International Grain, Seed and Fertiliser Merchant

Market Report

Thursday 7th February

Wheat

The US market is up $2/t on the week as it continues to tread water ahead of tomorrow’s USDA data. Support is still seen emanating from the current US/China trade talks, and the assumption that China will purchases a quantity of US agricultural products, including wheat. However, while US winter wheat plantings are expected to be declared at their lowest level in over 100 years, the likelihood of reduced 2019 production could be more than offset by a reduction in 2018 US exports, and higher ending stocks.

 

European prices are down €2-3/t on the week as the market weakens under its own weight. Russian exports are declining due to higher domestic prices, although at present the EU export programme is not reaping the benefits. Exports of wheat to non-EU destinations are still reported 26%down year on year. French farm office France AgriMer did forecast an increase in such exports by 150,000t to 8.85mln t, but also lowered intra-EU exports by a similar quantity. However, due to a reduction in domestic feeding, end-season stocks were raised from 2.8mln t to 2.9mln t

 

UK values are unchanged on the week, although sterling is weaker. While Brexit rumbles on, it was the release of the Basic Payment Scheme data by DEFRA that caught the eye. The data, which is subject to further investigation, showed a greater- than-normal divergence from the June survey estimate for the wheat area in England. If correct, that would dramatically tighten the dynamics of the UK’s supply and demand balance sheet.

 

In summary, another week of ifs and buts, and whens and maybe’, but little overall action. USDA will provide updated information tomorrow, with US winter wheat sowings leading the interest. However, the trade will also watch for adjustments to the US balance sheet, and whether the USDA starts tinkering with the global export matrix, particularly for the EU and Russia, where current projection remains heavy. Otherwise, it remains all about US/China talks, Black Sea exports and Brexit, although the BPS data has thrown more uncertainty into the mix.

Malting Barley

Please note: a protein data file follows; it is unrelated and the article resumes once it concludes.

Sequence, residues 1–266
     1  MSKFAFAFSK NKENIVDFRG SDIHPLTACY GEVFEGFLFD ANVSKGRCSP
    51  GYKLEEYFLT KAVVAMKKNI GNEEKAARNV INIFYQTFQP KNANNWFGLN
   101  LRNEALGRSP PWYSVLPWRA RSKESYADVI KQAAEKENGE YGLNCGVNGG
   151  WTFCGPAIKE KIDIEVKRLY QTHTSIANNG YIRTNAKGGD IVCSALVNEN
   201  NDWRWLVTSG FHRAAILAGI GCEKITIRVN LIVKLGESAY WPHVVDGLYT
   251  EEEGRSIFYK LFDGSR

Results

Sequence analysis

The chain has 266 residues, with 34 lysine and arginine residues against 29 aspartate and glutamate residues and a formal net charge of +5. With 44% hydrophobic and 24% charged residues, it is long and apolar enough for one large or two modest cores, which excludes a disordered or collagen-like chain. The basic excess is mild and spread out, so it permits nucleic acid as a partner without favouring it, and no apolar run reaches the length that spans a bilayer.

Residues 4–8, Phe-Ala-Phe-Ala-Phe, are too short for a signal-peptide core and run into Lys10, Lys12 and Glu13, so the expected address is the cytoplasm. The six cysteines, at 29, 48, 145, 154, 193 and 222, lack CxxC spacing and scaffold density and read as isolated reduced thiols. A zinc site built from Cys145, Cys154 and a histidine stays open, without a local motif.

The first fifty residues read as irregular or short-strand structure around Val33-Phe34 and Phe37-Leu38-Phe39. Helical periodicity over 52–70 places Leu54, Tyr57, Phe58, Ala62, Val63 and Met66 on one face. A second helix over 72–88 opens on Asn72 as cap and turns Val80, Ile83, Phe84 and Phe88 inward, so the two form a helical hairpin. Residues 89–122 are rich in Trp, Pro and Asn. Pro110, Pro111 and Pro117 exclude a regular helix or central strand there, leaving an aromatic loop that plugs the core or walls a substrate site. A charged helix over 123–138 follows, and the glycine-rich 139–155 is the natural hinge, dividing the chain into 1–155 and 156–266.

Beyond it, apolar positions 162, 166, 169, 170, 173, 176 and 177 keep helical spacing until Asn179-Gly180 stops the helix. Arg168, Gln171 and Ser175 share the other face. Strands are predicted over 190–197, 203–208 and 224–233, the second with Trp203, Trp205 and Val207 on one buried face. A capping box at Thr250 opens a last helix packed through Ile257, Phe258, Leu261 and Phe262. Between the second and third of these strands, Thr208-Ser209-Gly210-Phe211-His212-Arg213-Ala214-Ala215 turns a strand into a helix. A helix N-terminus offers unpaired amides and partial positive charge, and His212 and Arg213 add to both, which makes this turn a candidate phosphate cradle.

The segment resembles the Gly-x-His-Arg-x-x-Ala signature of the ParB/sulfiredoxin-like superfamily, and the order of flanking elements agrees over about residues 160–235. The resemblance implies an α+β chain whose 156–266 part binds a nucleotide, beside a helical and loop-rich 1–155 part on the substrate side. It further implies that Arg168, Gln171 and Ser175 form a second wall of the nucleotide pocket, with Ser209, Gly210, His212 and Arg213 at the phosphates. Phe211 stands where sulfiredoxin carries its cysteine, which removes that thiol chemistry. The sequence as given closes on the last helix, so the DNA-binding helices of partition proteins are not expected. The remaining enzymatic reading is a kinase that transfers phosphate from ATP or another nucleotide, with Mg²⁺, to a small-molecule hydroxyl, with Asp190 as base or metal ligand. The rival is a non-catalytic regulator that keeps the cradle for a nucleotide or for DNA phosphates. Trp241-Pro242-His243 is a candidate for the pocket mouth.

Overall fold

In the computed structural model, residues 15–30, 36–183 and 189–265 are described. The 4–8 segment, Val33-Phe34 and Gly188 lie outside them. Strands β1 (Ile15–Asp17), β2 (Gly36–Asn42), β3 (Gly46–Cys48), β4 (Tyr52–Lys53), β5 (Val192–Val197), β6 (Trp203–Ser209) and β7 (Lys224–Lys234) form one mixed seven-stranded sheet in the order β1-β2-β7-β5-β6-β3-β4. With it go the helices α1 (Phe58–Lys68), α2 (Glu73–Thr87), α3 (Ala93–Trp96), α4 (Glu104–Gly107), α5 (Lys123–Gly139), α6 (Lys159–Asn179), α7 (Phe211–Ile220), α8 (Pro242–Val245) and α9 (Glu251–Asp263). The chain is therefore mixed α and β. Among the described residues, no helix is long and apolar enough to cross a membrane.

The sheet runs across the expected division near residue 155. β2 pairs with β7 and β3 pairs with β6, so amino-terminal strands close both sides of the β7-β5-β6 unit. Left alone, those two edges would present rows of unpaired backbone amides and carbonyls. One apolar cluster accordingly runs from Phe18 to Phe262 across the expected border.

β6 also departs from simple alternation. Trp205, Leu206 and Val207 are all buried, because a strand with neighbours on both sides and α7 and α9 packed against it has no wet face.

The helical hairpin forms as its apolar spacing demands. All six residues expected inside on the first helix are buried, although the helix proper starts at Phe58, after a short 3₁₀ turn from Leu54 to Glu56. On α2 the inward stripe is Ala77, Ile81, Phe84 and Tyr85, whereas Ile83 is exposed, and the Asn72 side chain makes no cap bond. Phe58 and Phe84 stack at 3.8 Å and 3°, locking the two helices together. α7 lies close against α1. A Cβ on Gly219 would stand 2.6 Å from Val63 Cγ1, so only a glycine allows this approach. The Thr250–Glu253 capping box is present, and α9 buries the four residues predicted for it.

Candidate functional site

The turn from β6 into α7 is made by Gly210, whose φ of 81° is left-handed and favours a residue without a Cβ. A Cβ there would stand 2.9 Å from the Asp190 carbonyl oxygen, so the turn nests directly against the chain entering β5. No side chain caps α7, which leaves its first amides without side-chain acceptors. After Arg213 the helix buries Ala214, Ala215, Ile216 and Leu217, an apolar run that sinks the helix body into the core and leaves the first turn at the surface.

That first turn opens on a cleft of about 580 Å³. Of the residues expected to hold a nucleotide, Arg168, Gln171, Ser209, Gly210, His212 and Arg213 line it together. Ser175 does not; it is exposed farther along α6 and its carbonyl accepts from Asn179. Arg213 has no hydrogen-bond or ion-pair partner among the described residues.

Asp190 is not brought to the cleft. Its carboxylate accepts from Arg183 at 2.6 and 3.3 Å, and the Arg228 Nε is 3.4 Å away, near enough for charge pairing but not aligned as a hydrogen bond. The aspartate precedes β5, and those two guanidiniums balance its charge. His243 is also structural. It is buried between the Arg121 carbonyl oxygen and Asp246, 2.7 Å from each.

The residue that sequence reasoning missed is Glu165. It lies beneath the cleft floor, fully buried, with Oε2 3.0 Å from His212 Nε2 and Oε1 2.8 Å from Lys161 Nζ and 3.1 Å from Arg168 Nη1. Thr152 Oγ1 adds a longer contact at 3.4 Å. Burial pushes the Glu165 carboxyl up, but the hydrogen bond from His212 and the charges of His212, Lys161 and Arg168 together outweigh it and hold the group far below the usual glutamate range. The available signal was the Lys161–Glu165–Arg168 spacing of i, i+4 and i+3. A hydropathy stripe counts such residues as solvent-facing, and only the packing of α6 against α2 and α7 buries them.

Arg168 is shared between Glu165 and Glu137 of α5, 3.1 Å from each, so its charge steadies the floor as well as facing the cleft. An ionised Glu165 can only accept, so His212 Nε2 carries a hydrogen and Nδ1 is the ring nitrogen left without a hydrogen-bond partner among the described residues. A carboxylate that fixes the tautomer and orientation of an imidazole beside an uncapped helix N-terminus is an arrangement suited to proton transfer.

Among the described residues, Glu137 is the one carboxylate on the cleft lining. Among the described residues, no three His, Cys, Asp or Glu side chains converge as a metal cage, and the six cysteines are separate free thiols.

The UK malting barley “trader short” market seems to have stabilised for now with the recent weakening in currency helping prices. That said, any fresh trade is all but non-existent and the trade shorts are chasing mainly low nitrogen Propino and distilling varieties. All buyers seem to have covered their Planet requirements as this variety had a good quality year and there are still good amounts available for sale. The cap between the theoretical shipping market continues to be around £25 to £30/t below the UK domestic short market, as there have not been any maltsters in the market for weeks. This is making life very difficult for all the export traders who still have a lot of their Jan/March “price-to-be-agreed” shipping contracts to sort out.

Crop 2019 sales mainly continue to be blocked by the uncertainly around Brexit, which has meant UK traders have been side-lined. They have had to watch the price come down by around £30/t from the highs, without being able to sell any of their normal volume of barley.

 

Rapeseed

Despite the US and Chinese government’s ongoing discussions about resolving their trade dispute, the market remains unimpressed. There have been further announcements of fresh soybean sales, but the overwhelming issue is the lost business and, more fundamentally, China’s general slowdown in consumption. This is keeping US domestic soybean prices on the back foot and CBOT futures are struggling to find any clear direction.

 

The ongoing concerns about the slowdown in China are also affecting the Canadian canola market, with prices in Winnipeg falling during the week. China is a significant export outlet for Canada and, with StatsCan increasing forecast ending stocks to record levels, the market is struggling to come to terms with what is becoming a burdensome supply situation.

 

European rapeseed futures have drifted lower on the week following a lacklustre trade, despite the weaker euro. With the February Matif contract now closed, and any futures related technicalities out of the way, the market is now able to re-focus on the fundamentals. The slowdown in the EU crush caused by low water levels in the Rhine during Q3 and 4 2018, together with the impending arrival of Australian seed, is likely to supress any significant old crop rally even if farmers continues to remain side-lined from the market.

 

The UK continues to be a follower and fluctuations in sterling remain the greatest influence on UK farm-gate prices in the short term.

 

Oats

Yesterday Defra released the BPs Crop areas in England which uses crop hectareage information sourced from Basic Payment Scheme data. This comparison for the 2018/19 crop year shows the oats area down circa 10% compared with the June AHDB estimate.

This reduction has a negative effect on this crop year’s production figure, and could act to further support domestic milling oat values through the rest of this season. However, the millers’ continued use of lower quality oats and relevant import parities will also need to be considered.